By Chris Bateman

For The Union Democrat

How to join the MLBC

The fastest way to join is by going to the Coalition’s website, motherlodebike.org, click on “support MLBC” and then on “membership.”

Next, fill out and submit the online form, complete with your name, email and address. Then, via PayPal, make your membership donation (minimum $25 a year).

Or, if those new carbon-fiber bikes are as technical as you want to get, send your information and a $25 check via the U.S. Mail to Rob Williams, 8977 Siegel Street, Valley Springs, CA 95252.

I’m a back-in-the-pack-type guy, so I don’t have a lot of practice coming in first.

But I did just that last month: I became the first regular member of the Motherlode Bicycle Coalition. I filled out an MLBC form after slogging through the Old Priest Grade Hill Climb on Aug. 24, and put it in the mail.

It sounded like a good idea at the time.

Then I forgot about it until Rob Williams gave me call about a week later. “You’re our first member, and we want to make a big deal out of it,” said Williams, the Coalition’s chairman and founder.

“So what did I join?” I asked, admitting I was in something of a fog after slogging up the OPG.

Then Rob told me about the Coalition, which already has a board of directors and has been active in promoting local cycling since 2014. But the Coalition, hoping to recruit plenty of new members, wants to do more.

“We’re about everything cycling,” said Williams, a Valley Springs bicyclist with whom I’ve ridden a few times over the years. “We’ll promote bike lanes, Share the Road signs, mountain-bike trails, wider shoulders, cycling tourism and more.”

Not only that, promises Williams, but the Coalition will sponsor the grueling Old Priest Grade Hill Climb going forward. “Can’t give you a date for next year’s climb yet,” he said. “But our plan is to make it an annual event.”

The Coalition covers Amador, Calaveras and Tuolumne counties.

So what do you get for signing up? Membership meetings, weekly group rides, regular emailed newsletters and varied opportunities to support and advocate for cycling in the foothills and Sierra.

Plus, the annual dues will help the MLBC realize more of its goals.

Williams, who began cycling and bike racing while growing up in the El Cerrito area, is a retired educator and school administrator who never lost his love for riding. He founded the Coalition five years ago, and recruited a group of talented and energetic cyclists to join him on a board forwarding the interests of local biking.

That board includes Jack Becker of Sonora, former executive director of Bike Bakersfield; Carl Baker of Columbia, a retired Caltrans planner, and Robert Leibold of Soulsbyville, a veteran cyclist and race organizer. Also on MLBC panel are Dwight Follien, who heads the Groveland Trail Heads campaign for more forest bike trails, Nikki Grimes of Groveland, and Calaveras County cyclist Carol Ryder.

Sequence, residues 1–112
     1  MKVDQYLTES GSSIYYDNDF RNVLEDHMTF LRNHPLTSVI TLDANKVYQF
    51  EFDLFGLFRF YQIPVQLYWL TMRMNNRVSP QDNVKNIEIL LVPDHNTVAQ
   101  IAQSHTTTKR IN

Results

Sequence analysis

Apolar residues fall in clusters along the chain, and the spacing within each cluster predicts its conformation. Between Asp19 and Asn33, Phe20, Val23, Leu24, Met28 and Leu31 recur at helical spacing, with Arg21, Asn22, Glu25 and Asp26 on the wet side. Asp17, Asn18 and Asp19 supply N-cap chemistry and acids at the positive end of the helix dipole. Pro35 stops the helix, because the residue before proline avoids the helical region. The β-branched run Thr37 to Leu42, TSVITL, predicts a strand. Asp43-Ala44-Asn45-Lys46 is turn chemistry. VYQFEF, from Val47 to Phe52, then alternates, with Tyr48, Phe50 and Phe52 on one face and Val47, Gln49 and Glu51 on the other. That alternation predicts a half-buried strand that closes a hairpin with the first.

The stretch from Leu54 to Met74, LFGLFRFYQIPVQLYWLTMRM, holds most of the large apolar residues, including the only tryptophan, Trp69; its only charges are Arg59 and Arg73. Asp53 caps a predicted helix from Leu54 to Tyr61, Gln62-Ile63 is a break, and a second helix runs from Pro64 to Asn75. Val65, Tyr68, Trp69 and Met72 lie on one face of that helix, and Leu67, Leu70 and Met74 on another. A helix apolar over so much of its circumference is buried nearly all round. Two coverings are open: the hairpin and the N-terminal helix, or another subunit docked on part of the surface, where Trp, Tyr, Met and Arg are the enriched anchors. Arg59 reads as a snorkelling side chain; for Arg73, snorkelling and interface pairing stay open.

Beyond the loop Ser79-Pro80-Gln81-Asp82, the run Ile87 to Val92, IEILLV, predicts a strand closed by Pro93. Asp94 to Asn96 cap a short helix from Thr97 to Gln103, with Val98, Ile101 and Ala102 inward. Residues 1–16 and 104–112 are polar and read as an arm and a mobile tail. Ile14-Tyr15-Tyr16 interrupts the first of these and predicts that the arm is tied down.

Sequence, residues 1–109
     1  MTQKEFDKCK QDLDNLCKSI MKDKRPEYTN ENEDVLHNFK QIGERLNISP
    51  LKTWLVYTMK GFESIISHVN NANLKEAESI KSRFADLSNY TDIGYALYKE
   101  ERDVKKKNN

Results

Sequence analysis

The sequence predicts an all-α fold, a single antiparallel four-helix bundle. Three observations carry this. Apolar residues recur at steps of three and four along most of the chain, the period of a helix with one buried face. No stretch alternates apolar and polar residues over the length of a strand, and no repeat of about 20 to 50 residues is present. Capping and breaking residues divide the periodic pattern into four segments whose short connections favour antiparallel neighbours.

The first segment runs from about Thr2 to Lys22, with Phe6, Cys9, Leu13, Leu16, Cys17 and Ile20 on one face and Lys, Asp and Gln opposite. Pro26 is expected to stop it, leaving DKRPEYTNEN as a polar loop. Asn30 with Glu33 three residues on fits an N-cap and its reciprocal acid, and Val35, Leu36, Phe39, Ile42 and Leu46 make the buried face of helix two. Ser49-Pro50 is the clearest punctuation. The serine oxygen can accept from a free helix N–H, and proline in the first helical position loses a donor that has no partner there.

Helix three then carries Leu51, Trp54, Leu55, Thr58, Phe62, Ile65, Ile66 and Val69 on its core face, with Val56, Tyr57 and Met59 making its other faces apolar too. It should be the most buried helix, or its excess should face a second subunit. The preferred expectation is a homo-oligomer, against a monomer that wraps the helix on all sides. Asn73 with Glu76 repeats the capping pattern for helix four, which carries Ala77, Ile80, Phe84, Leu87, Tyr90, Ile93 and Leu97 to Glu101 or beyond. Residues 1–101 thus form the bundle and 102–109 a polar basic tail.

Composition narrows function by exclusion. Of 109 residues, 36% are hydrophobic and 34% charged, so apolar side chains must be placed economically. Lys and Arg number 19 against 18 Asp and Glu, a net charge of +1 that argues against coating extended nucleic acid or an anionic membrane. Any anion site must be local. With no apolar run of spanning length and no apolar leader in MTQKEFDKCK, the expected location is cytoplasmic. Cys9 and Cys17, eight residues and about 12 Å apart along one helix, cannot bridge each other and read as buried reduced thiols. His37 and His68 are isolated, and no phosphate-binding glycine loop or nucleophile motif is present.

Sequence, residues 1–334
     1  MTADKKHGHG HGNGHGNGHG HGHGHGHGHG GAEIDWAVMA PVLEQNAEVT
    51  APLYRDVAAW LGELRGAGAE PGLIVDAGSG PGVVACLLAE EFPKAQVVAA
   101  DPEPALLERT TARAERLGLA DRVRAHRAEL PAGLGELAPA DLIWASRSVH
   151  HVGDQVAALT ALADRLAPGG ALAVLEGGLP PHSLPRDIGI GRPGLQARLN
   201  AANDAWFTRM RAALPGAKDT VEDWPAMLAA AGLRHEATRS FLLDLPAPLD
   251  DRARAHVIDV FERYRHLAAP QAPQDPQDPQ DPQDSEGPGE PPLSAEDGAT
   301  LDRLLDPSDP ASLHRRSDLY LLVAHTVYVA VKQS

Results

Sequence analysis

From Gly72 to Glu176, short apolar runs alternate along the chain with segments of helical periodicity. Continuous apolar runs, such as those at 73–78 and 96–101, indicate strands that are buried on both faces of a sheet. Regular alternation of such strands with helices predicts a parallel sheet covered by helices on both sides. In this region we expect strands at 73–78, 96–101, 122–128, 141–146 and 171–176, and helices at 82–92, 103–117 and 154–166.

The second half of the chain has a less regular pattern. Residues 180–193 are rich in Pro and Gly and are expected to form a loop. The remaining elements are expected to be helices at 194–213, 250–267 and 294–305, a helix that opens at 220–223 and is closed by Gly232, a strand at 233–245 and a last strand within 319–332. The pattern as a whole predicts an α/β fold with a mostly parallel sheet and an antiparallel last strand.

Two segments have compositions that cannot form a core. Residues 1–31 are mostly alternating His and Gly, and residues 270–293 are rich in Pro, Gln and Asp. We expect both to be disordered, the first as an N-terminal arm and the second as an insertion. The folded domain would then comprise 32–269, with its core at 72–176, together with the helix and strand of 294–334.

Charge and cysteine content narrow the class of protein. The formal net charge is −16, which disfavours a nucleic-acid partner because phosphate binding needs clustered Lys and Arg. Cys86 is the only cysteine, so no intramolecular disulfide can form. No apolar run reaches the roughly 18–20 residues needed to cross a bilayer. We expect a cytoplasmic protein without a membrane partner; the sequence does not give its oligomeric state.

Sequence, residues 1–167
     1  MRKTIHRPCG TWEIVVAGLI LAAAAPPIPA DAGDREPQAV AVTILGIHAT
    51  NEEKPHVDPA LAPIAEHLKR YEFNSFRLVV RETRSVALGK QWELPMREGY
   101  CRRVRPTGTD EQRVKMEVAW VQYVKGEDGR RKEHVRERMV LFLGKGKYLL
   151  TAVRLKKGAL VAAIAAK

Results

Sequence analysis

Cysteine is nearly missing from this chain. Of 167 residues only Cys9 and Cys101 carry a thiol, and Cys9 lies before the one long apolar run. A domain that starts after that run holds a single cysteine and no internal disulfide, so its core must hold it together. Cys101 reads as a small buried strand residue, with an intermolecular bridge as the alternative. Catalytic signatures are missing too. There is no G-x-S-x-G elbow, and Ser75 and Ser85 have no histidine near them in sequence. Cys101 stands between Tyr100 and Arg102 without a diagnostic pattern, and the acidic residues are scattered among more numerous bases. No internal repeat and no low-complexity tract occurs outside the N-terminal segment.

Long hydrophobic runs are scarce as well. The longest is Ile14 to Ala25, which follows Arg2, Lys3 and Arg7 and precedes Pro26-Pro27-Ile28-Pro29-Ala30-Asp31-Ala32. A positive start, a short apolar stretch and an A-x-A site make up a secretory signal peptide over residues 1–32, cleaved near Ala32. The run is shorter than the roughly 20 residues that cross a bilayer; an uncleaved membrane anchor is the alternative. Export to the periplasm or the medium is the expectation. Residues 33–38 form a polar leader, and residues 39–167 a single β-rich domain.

For an organization without a general membership, the Coalition has done well:

It organizes the annual Ride and Walk4Art, which benefits the Calaveras County Arts Council’s Arts in Education program. It supports Groveland Trail Heads, a project which won a $30,000 Sonora Area Foundation grant for establishing mountain bike trails on the Stanislaus National Forest’s Groveland District.

The Coalition also works with the California Highway Patrol is putting on safety-oriented bike rodeos for young riders, and supports Tuolumne County’s Christmas-season Bikes for Tykes program.

Yes, the Coalition has accomplished a lot without a general membership. And now is a great time to join up. As an MLBC member, you can work for cycling trails, more and better bike lanes, Share the Road signs on county roads and more community awareness bicycling issues.

Not only that, says Williams, but the Coalition is set to be a key player in a $400,000, multi-county bike tourism grant approved last year.

Administered by the Tuolumne County Transportation Commission, the Caltrans cash will identify bike routes in Tuolumne, Calaveras, San Joaquin, Amador and Alpine counties, recommend needed improvements to state highways and county roads involved in these routes, estimate the potential financial benefits of bringing bike tourists to the area and map strategies for luring them here.

“What I’d like to see is bike tourism companies bringing riders up here to the foothills and mountains for multi-day rides,” said Williams, who is outreach coordinator for the grant. “You see this along the coast and in the wine country. It could work here.”

And who knows more about local bike routes than riders right here in the foothills and mountains? Williams says more than 1,000 bike-club members regularly ride roads here in the foothills, along with several hundred more – like me – who ride solo or with friends.

Indeed, much is happening on the local cycling scene. That’s why joining the Motherlode Bicycle Coalition right now is a good idea.

Not only that, but I could use the company. A few more have joined the MLBC, since I became Member No. 1, but let’s make that first membership meeting a standing-room-only gathering.






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